Why Do We Need Furnace?
Furnace heating elements are electrical resistance heaters used to produce hot air for home heating or industrial process heating. The term may refer specifically to the electric coil itself or the complete assembly (including the housing).
The first type of modern furnace introduced into residences was central heating via forced hot air as early as 1820. Hot water and steam as heat sources were first employed around 1900.
An electric-resistance heater warms the oil in an oil furnace, which is then circulated through a heat exchanger. Heat rises from heated surfaces because of their lower density and tendency for convection and radiation due to their temperature difference with surrounding materials; this is also in reverse: hotter objects emit radiant energy in the form of light and infrared waves.
A blower moves air across the heat exchanger to distribute the warm air through the home in a forced-air system. To assist in this process, a draft inducer can be used. A draft inducer creates an area of low pressure outside the furnace; thus, more oxygen is drawn into it for combustion. Another option is electric-resistance heat strips on each duct of forced hot-air heating system, which allows one input temperature control to drive different fan speeds at various coil locations according to thermostat settings; it also eliminates problems with dusty lint accumulation inside ducts due to higher velocity airflow associated with “fast fan” speeds, etc.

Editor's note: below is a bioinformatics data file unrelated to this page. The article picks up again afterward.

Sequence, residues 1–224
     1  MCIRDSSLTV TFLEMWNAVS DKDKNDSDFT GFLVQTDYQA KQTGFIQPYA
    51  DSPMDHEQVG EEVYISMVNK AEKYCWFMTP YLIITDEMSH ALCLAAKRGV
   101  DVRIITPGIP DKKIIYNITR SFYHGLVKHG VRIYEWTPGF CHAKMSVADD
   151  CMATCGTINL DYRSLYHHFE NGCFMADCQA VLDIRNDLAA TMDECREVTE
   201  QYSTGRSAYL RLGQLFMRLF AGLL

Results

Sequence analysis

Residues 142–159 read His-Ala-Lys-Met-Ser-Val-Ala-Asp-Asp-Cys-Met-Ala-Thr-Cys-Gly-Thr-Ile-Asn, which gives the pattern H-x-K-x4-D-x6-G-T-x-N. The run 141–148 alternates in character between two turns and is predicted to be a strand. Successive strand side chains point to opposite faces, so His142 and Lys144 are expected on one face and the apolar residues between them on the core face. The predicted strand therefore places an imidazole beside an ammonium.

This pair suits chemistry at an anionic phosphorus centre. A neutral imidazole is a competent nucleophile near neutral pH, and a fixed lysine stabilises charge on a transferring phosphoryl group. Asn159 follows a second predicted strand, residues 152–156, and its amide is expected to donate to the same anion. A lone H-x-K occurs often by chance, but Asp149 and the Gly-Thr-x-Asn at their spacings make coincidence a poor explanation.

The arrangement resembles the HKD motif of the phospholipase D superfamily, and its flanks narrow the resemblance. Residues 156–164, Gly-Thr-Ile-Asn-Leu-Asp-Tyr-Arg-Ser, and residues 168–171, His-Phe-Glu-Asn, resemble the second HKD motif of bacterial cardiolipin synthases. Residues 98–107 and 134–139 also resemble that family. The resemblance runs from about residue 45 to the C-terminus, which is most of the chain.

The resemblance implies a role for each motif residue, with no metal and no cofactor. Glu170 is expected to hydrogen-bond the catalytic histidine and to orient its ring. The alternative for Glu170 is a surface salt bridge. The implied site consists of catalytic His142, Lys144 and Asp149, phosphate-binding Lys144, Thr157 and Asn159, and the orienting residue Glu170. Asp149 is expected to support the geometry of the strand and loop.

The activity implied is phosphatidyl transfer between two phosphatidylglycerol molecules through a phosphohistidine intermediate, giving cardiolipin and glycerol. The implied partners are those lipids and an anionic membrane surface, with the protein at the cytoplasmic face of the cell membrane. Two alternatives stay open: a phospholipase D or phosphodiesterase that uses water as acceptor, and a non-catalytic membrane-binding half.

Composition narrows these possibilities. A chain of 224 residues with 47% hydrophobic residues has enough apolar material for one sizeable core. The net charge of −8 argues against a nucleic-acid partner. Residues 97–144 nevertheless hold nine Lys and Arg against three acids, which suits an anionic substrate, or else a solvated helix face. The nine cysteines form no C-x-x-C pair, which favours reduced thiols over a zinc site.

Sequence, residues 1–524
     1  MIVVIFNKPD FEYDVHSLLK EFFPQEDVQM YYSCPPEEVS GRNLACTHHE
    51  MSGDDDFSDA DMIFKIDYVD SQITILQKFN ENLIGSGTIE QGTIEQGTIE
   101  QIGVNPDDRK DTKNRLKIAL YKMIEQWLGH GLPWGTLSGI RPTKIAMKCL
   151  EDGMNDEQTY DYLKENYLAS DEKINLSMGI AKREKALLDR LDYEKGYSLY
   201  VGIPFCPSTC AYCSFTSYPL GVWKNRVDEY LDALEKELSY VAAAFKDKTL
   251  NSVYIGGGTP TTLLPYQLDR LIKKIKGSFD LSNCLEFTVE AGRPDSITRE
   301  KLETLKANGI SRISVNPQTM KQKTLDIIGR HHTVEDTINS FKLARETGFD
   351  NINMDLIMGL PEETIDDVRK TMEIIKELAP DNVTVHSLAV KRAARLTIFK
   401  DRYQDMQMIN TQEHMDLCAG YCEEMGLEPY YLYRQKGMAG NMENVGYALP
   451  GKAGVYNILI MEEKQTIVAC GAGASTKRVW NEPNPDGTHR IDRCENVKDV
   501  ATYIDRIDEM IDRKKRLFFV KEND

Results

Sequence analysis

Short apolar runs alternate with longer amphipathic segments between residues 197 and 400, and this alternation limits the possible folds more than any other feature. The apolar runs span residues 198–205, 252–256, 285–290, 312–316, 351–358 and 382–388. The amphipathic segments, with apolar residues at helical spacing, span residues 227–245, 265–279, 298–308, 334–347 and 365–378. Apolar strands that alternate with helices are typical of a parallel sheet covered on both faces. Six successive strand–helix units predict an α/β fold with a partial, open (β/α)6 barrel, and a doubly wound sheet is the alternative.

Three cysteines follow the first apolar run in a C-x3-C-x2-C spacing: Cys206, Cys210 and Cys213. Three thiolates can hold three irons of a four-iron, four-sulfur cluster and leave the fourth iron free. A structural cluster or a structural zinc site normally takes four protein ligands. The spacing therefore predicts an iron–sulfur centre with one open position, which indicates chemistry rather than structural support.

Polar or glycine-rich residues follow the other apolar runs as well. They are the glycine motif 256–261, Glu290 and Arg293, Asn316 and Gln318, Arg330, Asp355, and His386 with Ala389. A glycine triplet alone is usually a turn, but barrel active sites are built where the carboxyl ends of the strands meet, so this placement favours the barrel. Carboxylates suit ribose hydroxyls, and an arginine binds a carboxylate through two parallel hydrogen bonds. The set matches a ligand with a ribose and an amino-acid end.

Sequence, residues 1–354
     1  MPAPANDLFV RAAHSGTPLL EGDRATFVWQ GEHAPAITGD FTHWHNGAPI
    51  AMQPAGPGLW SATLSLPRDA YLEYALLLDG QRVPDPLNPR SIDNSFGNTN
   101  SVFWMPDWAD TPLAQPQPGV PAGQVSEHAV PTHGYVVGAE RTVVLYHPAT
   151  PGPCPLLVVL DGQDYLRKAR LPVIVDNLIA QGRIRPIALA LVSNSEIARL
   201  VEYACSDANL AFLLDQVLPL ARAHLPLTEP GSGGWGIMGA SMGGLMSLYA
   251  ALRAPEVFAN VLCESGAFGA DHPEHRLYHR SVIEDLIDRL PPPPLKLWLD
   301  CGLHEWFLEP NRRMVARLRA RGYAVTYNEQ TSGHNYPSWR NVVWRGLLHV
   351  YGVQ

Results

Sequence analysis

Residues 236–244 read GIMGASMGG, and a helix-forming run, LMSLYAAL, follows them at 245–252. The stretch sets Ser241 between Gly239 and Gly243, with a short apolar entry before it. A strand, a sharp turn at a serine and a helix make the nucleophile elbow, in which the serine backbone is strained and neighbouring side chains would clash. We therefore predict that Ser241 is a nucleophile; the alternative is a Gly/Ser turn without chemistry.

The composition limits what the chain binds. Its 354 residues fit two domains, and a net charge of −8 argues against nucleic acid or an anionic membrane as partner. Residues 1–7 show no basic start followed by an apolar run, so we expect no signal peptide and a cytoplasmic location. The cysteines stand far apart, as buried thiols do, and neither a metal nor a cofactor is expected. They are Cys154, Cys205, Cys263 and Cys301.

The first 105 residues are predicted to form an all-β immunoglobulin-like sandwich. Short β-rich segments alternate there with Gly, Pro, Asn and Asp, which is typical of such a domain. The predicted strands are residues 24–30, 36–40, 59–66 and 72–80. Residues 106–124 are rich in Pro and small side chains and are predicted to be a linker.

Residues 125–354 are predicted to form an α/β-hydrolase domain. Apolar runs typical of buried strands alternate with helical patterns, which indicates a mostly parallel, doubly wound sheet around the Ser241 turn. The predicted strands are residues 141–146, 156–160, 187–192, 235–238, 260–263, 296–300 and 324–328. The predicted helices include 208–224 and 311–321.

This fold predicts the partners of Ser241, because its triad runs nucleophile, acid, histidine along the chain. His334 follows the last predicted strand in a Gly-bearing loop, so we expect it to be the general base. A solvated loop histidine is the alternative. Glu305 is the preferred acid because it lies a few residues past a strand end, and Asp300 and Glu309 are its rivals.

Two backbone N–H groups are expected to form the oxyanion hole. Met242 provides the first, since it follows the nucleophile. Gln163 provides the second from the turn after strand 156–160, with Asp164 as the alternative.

Typically, the blower speed is variable in oil-fired furnaces to ensure proper airflow at various system loads. The draft inducer provides the most efficient means of giving this control. Many new forced-air furnaces also include a permanent electronic damper attached to an induction fan mounted on the furnace’s heat exchanger; it senses when airflow is required and closes if high airflow is not needed. Such alternative control strategies, with either electromechanical dampers or an electronic damper, are less expensive than using variable speed fans for this purpose.
Forced-air furnaces for central heating typically have two rotary dampers, one on the blower outlet and another on an air inlet manifold. A draft inducer motor is mounted between the outlets of these dampers. The inducer motor increases the pressure drop across the rear muffler to provide adequate airflow. If it fails mechanically, its internal thermal protection will trip; this causes a lockout on high limit control and shuts down heater operation until manually reset by using circuit breaker or fuse box disconnects for power supply to the furnace unit
When forced-air furnaces are used in large commercial buildings, they often have two blowers to provide sufficient airflow when the furnace is operating at a low load (idle). It also reduces the risk of electrical overload when one blower fails because it draws more than the usual current.